Moisés Bensabat Amzalak
Moisés Bensabat Amzalak (4 October 1892 - 6 June 1978) was a Portuguese scholar and economist. Amzalak was born and educated in Lisbon. He combined a successful business career with broad academic activity. A devoted Jew, a central figure in the Portuguese Jewish Community, he headed the Lisbon Jewish community from 1926 until his death in 1978.
Amzalak established a solid academic career. He became professor of philosophy and later dean of the Lisbon Institute of Higher Economics and Finance (1933-1944), and was president of the Sciences Academy of Lisbon and deputy dean of the Technical University of Lisbon (1944-1956) and dean from 1956 until his retirement in 1962.
His main interests were economic history, history of economic thought, and marketing. He published extensively in his areas of expertise but also published several works on Judaism. Amzalak received the Honorary Doctorate from several universities, including the University of Bordeaux in 1935 and the prestigious Sorbonne, Paris, in 1950.
Amazalak was a public figure of great influence. He co-owned the newspaper O Século, then one of the major daily newspapers in Portugal. He was a close friend and a supporter of Portuguese dictator António de Oliveira Salazar. Avraham Milgram says that Amzalak "holds a place of honor on the consciousness of the Lisbon Jews."
In 2007, historian Antonio Louça published a book where he questioned why Amzalak allowed his newspaper to help the Nazi propaganda machine before World War II. In that book Louça also stated that in January 1935, Amzalak hosted the German ambassador and the latter subsequently recommended to his superiors that Amzalak be awarded the medal of excellence from the German Red Cross, a German civil assistance organization. In response, Esther Mucznik, one of the leaders of the Jewish Community of Lisbon, defended Amzalak's reputation. Mucznik pointed out the notable work done by Amzalak during the war and also observed that Amzalak's actions in 1935-37 cannot properly be judged in light of what we know today about the Holocaust.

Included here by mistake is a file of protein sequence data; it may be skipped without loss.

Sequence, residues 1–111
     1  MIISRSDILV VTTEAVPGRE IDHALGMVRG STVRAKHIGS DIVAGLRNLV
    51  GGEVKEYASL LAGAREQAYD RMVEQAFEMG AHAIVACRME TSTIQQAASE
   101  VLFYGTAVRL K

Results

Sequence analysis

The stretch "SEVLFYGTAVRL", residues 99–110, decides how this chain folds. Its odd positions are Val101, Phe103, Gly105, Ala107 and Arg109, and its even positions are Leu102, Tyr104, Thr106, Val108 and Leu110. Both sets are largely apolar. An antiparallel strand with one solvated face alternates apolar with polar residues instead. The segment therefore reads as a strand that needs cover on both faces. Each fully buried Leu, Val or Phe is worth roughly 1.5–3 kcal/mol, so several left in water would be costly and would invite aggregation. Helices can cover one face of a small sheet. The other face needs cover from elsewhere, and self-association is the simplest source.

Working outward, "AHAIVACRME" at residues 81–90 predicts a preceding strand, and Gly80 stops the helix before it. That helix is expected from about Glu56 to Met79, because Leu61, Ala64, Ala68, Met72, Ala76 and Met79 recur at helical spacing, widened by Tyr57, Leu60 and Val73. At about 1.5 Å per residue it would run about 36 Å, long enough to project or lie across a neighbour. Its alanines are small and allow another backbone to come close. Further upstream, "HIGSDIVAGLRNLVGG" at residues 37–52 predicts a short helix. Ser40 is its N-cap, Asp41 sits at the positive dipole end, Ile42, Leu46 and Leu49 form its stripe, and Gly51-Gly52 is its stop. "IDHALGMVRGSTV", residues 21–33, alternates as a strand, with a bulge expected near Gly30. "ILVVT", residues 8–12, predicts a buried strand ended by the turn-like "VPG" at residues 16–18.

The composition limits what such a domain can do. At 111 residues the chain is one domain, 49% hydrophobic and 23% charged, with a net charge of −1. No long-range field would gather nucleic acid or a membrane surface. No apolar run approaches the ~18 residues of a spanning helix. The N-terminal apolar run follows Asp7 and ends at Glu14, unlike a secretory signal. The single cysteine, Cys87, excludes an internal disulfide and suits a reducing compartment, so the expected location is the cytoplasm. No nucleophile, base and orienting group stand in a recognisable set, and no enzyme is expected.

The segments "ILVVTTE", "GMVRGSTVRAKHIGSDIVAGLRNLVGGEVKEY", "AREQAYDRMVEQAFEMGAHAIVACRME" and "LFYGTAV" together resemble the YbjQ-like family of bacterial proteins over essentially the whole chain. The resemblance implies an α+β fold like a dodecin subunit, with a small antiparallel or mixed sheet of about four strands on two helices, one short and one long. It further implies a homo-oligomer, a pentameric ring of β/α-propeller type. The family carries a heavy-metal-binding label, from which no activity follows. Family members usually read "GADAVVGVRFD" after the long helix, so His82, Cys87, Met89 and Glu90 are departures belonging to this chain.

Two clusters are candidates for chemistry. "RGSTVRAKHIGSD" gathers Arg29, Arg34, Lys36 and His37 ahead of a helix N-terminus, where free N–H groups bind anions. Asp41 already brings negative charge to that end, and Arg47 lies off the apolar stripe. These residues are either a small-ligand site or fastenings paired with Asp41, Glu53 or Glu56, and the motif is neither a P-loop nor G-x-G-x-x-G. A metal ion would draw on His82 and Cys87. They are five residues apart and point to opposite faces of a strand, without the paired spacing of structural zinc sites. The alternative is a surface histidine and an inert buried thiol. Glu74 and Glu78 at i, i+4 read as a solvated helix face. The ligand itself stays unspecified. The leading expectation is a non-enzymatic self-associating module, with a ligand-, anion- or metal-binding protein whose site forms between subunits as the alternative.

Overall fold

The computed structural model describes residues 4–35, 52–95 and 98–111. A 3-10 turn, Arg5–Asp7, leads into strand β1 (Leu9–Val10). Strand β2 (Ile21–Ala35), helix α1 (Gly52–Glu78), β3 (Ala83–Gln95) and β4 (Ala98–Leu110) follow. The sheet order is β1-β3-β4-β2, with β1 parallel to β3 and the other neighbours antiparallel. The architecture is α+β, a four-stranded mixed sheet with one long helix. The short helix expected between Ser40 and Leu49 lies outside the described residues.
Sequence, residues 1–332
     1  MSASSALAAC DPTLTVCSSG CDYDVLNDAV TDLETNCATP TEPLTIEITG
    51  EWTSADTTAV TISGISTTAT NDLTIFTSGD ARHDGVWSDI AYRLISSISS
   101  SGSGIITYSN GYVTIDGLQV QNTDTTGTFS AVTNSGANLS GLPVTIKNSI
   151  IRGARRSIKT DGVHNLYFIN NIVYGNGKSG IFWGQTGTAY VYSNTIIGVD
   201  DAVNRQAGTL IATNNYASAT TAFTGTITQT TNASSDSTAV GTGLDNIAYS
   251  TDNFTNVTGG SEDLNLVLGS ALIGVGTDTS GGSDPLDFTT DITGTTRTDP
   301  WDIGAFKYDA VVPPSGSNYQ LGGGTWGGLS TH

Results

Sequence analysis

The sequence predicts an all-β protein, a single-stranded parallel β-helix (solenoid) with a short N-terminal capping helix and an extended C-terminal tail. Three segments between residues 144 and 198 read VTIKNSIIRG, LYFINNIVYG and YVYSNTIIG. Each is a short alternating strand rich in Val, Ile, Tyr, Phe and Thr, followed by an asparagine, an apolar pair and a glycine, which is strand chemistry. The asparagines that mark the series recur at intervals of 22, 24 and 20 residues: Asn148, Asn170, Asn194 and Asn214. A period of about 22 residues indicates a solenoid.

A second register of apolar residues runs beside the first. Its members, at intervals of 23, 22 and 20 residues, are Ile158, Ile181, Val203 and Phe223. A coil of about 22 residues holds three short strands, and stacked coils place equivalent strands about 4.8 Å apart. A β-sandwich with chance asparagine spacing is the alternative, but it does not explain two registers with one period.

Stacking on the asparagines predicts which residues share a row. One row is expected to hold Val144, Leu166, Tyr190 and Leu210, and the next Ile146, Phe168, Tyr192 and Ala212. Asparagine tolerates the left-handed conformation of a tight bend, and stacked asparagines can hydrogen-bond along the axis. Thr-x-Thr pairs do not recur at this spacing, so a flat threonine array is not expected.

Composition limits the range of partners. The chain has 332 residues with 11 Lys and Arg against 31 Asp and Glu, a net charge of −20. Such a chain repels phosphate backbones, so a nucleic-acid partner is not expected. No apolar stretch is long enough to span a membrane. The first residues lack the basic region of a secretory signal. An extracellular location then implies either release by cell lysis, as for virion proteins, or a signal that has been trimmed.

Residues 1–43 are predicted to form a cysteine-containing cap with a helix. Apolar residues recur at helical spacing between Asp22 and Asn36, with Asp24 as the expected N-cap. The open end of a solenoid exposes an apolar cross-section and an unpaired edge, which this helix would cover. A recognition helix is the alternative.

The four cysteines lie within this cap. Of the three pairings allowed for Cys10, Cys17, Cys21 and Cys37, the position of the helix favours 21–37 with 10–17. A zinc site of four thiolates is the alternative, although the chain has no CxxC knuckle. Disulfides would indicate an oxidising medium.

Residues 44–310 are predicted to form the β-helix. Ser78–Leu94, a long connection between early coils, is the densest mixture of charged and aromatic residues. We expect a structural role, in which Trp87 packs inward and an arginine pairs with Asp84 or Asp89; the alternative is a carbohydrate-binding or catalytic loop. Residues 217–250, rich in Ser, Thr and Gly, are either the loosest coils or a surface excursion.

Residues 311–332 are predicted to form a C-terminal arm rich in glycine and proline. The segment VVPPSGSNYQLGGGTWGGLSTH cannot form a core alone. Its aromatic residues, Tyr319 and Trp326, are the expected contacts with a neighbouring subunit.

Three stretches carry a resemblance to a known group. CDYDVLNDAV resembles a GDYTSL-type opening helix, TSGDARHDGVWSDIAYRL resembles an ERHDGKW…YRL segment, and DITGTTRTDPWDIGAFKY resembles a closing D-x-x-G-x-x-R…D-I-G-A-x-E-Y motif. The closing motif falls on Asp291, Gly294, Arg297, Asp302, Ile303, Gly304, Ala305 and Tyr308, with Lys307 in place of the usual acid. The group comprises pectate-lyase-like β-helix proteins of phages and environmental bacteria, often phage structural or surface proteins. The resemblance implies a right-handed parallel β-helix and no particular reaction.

Yad Vashem Historian Avraham Milgram remarks that, before the war Amzalak, just like Pope Pius XII, regarded Germany as bulwark against communism and that he misread the Nazi regime in respect to the Jews just as Pius XII did. As the war approached, and from 1938 on, Amzalak changed this view and throughout the war, he made a major effort to assist the refugees.
Portuguese researcher Jose Freire Antunes in his book Jews in Portugal, Testimony of Fifty Men and Women credited Amzalak for the expansion of the refugee relief in Lisbon and for the transfer of JDC offices to Lisbon. It was due to the intervention of Augusto d'Esaguy and Amzalak that many of the refugees with visas issued by Aristides de Sousa Mendes were allowed to continue on their way to Portugal.
According to the Lisbon Jewish community, ruler António de Oliveira Salazar held Amzalak in high esteem and that allowed Amazlak to play an important role in getting Salazar’s permission to transfer from Paris to Lisbon the main HIAS-HICEM (Jewish relief organization) European Office in June 1940. Latter in the war, Amzalak, together with Leite Pinto, General Manager of the Beira Alta Railway, which operated the line from Figueira da Foz to the Spanish frontier, organized several trains that brought refugees from Berlin and other European cites.
- Milgram 2011, p. 34.
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- Milgram 2011, p. 35.
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